Consiseness and a hold on the reader, wich are required in detective stories,
Conciseness and a hold on the reader, which are required in detective stories, are no less required in all forms of literature. Nothing is gained by wearying the reader. Edgar Wallace is more interesting than Walter Scott, but Edgar Wallace is not more interesting than Shakespeare. There is an Edgar Wallace in Shakespeare.
The stress and pressure of modern conditions may have many disagreeable aspects, but it has had a very favourable one — the need for conciseness and for deliberate interestingness in a literary work. It was one of Poe’s critical triumphs that he foresaw the necessity of the shorter poems. This was one of his visions of a future, as the detective story was one of his anticipations of it.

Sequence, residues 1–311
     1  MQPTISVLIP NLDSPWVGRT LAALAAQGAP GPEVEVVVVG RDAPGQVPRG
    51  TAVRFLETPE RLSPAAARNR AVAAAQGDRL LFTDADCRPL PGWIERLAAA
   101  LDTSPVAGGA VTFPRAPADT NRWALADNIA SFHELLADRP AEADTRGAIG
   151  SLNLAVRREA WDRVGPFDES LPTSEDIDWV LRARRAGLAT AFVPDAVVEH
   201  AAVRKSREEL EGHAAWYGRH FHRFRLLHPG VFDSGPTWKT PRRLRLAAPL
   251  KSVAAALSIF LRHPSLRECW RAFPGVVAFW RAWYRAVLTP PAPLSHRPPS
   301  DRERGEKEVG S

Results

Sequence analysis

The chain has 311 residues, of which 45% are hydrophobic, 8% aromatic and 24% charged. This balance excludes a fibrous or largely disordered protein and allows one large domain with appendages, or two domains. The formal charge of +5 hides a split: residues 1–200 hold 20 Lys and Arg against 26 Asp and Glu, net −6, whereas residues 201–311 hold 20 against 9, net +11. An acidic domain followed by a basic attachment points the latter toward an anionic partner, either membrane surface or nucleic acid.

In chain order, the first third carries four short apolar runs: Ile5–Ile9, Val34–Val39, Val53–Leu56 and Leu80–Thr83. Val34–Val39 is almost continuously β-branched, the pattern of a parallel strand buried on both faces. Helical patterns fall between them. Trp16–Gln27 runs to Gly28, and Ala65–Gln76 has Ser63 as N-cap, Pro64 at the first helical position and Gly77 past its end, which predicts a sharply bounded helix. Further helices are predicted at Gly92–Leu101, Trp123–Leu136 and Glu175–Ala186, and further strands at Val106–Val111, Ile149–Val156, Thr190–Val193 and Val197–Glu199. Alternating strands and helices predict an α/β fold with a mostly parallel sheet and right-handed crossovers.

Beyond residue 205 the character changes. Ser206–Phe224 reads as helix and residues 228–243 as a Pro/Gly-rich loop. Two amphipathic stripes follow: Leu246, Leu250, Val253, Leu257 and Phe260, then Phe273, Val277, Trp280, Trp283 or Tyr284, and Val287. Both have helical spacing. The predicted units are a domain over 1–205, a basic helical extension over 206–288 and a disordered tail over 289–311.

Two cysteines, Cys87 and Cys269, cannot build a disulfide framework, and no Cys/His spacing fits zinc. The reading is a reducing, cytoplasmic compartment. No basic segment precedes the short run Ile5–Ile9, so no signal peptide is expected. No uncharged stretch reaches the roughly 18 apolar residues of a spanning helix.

We need not exclude the epic poem, but we can reduce it to five books — the size of a drama, which should be the limit of literary bulk, that interest may be thorough and maintained.
No greatness of everything in verse can triumph over the twenty-four books of the “Iliad” or carry Virgil into the middle of Olympus.
Compare the luminous beauty of Tennyson’s original and short “Morte d’Arthur” with the dull good-writing of his later and very long “Idylls of the King”.
The constancy of scattered beauty cannot wipe out the unbeautifulness of its being scattered over too long a stretch of verse.
The epic poem was really the old correspondence to the human [?] need for the novel. The novel having come, we can omit the epic in the poem.
Matthew Arnold’s “Sohrab and Rustum”.
“Erostratus”. in Páginas de Estética e de Teoria Literárias. Fernando Pessoa. (Textos estabelecidos e prefaciados por Georg Rudolf Lind e Jacinto do Prado Coelho.) Lisboa: Ática, 1966.- 207.